Signed: An eternal Syrian optimist who has finally lost hope!

At 2/17/2005 10:00:00 AM, Anonymous Anonymous said...

Out of curiousity: does this Maher-Rami or syro-lebo mafio theory have any evidence either than the diplomat's word for it?

At 2/17/2005 02:27:00 PM, Anonymous Anonymous said...

Hey Josh,

Check the two links here below. Both of them are similar but one link is in english and the other one is in Arabic. Both articles are based on Elaph website. You may have problems accessing Elaph website in Syria. It seems that Elaph website is a threat to security in Syria.

To be short, both articles support the theory that Hariri was killed by bomb planted in the sewage system. Proof comes with pics and a thorough explanation.

At 2/17/2005 07:11:00 PM, Anonymous Anonymous said...

Here you are Dr. Joshua, now you are on the right track.
Keep digging this way if you are really interested, you will find explanations to many other things around you there. (Some more relations should be of interest, ex: Naseef vs. Asef)

At 2/17/2005 10:16:00 PM, Anonymous Anonymous said...

Great blog! The Syrian Regime, or at least some elements in the uppermost echelons , is behind assasination.Simply put,there's too much money at stake for the mafia.This time, however,they were totally blinded by their greed.This will only hasten the long awaited and long overdue regime change,INSHALLAH!!!

At 2/18/2005 03:37:00 AM, Anonymous Anonymous said...

For credibility, we would need an example of these alleged business interests that could only survive if Lahoud is in power and further would benefit from Harari's death. It is no secret that most of the Syrian private capital is kept in Lebanese banks: Few years back, Lebanese media attacked a well know Syrian businessman (Saeb Nahaas) because he announced that Lebanese economy will be severely effected once the Syrian money goes back to Syrian banks. Moreover, one of the applied procedures by Syrian central bank to support the stability of Syrian Lira(pound) is to buy off Syrian currency from Lebanese markets. This is only one indication of who is benefiting from the other.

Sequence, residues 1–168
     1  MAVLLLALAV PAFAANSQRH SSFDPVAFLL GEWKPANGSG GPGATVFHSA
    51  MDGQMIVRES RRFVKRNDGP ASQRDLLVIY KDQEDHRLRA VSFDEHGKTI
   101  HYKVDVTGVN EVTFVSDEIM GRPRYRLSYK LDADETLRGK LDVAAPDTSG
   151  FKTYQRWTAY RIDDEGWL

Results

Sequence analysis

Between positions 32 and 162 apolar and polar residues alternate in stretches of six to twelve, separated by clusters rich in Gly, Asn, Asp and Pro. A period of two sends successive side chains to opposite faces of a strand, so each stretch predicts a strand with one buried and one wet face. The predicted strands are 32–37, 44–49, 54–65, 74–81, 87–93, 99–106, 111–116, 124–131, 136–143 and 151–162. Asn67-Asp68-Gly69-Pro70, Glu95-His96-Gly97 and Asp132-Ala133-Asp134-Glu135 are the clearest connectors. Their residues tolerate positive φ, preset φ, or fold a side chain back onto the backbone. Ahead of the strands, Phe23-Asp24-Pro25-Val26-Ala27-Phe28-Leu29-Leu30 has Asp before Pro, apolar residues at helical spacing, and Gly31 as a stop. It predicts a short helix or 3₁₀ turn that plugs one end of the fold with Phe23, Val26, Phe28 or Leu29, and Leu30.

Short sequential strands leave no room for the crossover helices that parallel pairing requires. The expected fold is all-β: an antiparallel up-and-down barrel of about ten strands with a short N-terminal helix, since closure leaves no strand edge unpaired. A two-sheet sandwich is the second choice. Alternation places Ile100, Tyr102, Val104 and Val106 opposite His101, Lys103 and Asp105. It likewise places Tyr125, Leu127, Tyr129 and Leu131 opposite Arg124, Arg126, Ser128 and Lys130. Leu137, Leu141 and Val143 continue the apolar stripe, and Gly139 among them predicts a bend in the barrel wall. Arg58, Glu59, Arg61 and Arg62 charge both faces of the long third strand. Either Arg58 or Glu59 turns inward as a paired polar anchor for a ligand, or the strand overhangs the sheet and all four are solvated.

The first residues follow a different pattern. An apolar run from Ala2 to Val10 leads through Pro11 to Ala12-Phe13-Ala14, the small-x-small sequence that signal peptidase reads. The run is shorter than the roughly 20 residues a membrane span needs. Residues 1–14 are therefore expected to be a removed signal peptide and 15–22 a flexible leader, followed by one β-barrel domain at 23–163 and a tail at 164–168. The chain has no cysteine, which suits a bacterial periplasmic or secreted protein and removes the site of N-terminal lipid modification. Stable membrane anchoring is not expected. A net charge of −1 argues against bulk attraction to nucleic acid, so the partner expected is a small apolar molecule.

At 2/18/2005 07:26:00 AM, Anonymous JT said...

I've a conspiracy theory and I would like to share it with you.
I will mention some points and then use your imagination and your mind to tie them.
1. The great middle east.
2. Sylvan Shalom said that Lebanon will be the 3rd country will make peace with Isreal.
3. Hariri limits is al Taief agreement (as he said).
4. Amin al Jmaieell (ex president), said that they will blow up al Taied agreement
(note from me: put any number of lines under this item)
5. Resulotion 1559
6. Maronites don't like Hezbuallah.
7. This assassination uses a Hi-Tech methods (I think something like GPS or PPS), which Syrians
ofcourse don't owned.
8. In political assassenations, it is not important to find who has performed it, the impotant
thing is how benefits from it.
So, did you get the theory ??
well, here it is :
Syria will withdraw from Lebanon absolutly and the Maronites will reach to the power and
make peace with Isreal which means they will forbid Hezbuallah (items 2, 3, 4, 5, 6).
If you read item #4 , you will find that the Maronites want to remember 17 May agreement
with Isreal.
From item #3 you can get that Mr. Hariri was an obstacle in Maronites plan (items 3, 4).
The Coclusion :
Isreal and Maronites (The Cardinal, Aoun, Sameer Jaja, Jamieel family ....) have perform
this assassenation.
Syria can't get anything at all from this assassenation.
Lebanon will be a corner stone in US's project : The Great Middle East.
US will use Lebanon as a base for their plan.
US and Israel will perform a huge strike against Iran's nuclear project, not an invation but
an extreme hit.
Personally I think there will be a small military movement against Syria at May.
Syria is the remaining obstacle in the middle east and with this assassenation, Syria is
under fire.
Jordan and Eygept is out of the game (the same is true for the Arab Gulf).
Lebya, Morroco, Tunisia are out of the game too.

At 2/18/2005 09:28:00 AM, Anonymous Anonymous said...

I do worry that you sharing information with us will compromise your family. What you do share with us in invaluable. Your portrait of Syria is largest sympathetic.

It was just announced that Bashar Assad's brother-in-law, Major General Asef Shawkat, will assume the post military intelligence chief. A quick google search of his wife, Bushra Assad, suggests a young woman adept at political machinations. (This can't be welcome news.)

At 2/18/2005 10:47:00 AM, Blogger Papa Ray said...

A little about Iran, the instigator and dark force in the ME.

Iran,they can produce a nuke anytime they want (and may already have one or two) and they are currently trying to see the maximum of what they can get away with as far as their trade deals with the EU are concerned. There is bribery going both ways, and each side thinks they are fooling the other.

At the same time, Iran continues its pursuit of long-range ballistic missiles, such as an improved version of its 1,300 km range Shahab-3 MRBM, to add to the hundreds of short-range SCUD missiles it already has.

They're trying to get their arsenal to the point where they can plausibly challenge/blackmail the U.S and Israel or at the very least set themselves up as the undisputed power in the region.